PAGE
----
UN Begins Withdrawal from South Sudan Protection of Civilians Camps
By Deng Machol
Juba – The United Nations peacekeeping mission in South Sudan (UNMISS) said it has begun withdrawing its troops and police from the protection of civilians camps that continue to shelter more than 180,000 people two years after the end of the country’s civil war to different areas in the country.
David Shearer, UN chief said that the need is to shift peacekeepers to new hotspots in the country where people’s lives are in immediate danger, notably Jonglei state.
South Sudan’s civil war erupted just two years in late 2013 after the world’s youngest country won independence from Sudan, has killed nearly 400,000 people and displaced four million people from their homes. In aftermath of the conflict, many frantic civilians sought shelter at the U.N. compound across the country.
The withdrawal process has begun at the camps in Wau and Bor, the U.N. said. The other camps are in Malakal, Bentiu and the capital, Juba.
“After careful planning going back almost a year, UNMISS has begun to progressively withdraw its troops and police from the Bor and Wau POCs, leading to a situation today where there are no longer any of those uniformed forces inside those sites or in the guard towers around them. That has occurred because we assessed that any threats that may have existed in the past are no longer in existence today,” Shearer told reporters on Friday in Juba.
He further said that no one will be forced to leave the camps, adding that South Sudan’s government will take over responsibility for their security.
“Nobody will be pushed out or asked to leave when UNMISS withdraws. Humanitarian services will continue. I want to emphasize those points. It’s just that the sites will no longer be under our jurisdiction but will be, as I said, IDP sites like so many other IDP sites across the country,” said Shearer.
The camps have seen attacks over the years, and insecurity outside them became so severe that some women and young girls venturing out for wood or other supplies were sexually assaulted.
“When that occurs, the sites are no longer POC sites but camps for internally displaced people under the jurisdiction of the government. It will be the government’s responsibility to find other land for these people to settle, or to help them to return to their homes or assist those whose houses are occupied by others,” he added.
In the recent years, there has been talk of closing the camps. Now, instead, the U.N. mission says South Sudan’s police will be responsible for law and order once the U.N. peacekeepers have left.
“The South Sudan National Police Service will be responsible for law and order. UN police officers have been working closely with the national police for several months now to help build their capacity, and we look forward to doing so in the future,” said Shearer.
The UN chief said the Transitional Government of South Sudan has primary responsibility for protecting all its citizens and they will, of course, extend that protection to those in the former POC sites. Where this protection is missing, UNMISS still has a clear mandate to protect civilians and intervene.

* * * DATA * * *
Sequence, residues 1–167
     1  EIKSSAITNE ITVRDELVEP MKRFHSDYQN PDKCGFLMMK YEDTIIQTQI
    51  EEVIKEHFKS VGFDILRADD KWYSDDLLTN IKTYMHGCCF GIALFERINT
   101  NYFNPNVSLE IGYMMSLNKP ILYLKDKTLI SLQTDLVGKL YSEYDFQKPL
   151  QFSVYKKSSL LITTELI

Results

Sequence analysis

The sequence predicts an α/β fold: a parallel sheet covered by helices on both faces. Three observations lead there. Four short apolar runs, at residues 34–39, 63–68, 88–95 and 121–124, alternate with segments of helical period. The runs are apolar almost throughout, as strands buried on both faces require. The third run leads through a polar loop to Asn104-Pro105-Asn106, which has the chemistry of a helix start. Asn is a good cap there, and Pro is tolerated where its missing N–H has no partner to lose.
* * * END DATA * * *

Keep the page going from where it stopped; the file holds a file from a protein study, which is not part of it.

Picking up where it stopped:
Despite the formation of transitional of government six months ago, the UN chief says the violence is continue to be surge across the country, mainly in Central Equatoria and Jonglei states, threatening to peace process.
Over the past week, armed attacks on civilians and humanitarian convoys in the Yei-Lasu and Juba-Yei roads in Central Equatoria state.
On Tuesday, two civilians were killed and four injured during an ambush by heavily armed men belonging to the National Salvation Front (NAS).
Recently, six of Vice President Wanni Igga’s bodyguards were killed in a similar attack near Lobonok, which NAS has claimed responsibility for.
“This surge in violence is deeply disturbing and is leading to clashes between those who are carrying them out and SSPDF and SPLA-IO forces. Inevitably, many civilians have been affected,” said Shearer.
Due to that, the UN chief says they have setting up a temporary operating base in Lobonok, so that the troops can do regular patrols and try and prevent further attacks and hopefully calm the situation down.
Shearer emphasized that the parties to should observed the Cessation of Hostilities that was signed nearly three years ago and the Rome Declaration earlier this year.
“They should live up to that commitment, stop fighting, and protect communities – instead of causing harm,” said Shearer.
On Jonglei, while the security situation has been a bit calmer recently, the UN chief say, tensions still remain very high and every effort must be made to ensure that fighting does not flare up again.
In the past six months, the inter-communal fighting has killed over 600 people, in our estimate, although that could be quite conservative, Shearer said. Women and children have been kidnapped, and cattle stolen. Thousands have fled the area, homes and villages have been burned.
However, this fighting was made worse by flooding in the area, with OCHA reporting almost 160,000 people now displaced.
The humanitarians are working very hard to try and help these people who are living in the open without shelter – or without health care, adequate food, sanitation – in the middle of the rainy season.
“But for recovery and rebuilding to take place, the cycle of violence must stop. All these groups are responsible for the violence. There are no innocent parties. The solution lies with them. And we all have seen so much suffering that we need to bring it to an end now,” said Shearer on Friday.
They Shearer says are prepared to put peacekeepers on the ground while the leaders negotiate the return of families and other issues that are underlying the problems, adding that they will be working with all groups – the Nuer, Murle and Dinka – to organize a series of meetings to help resolve these grievances.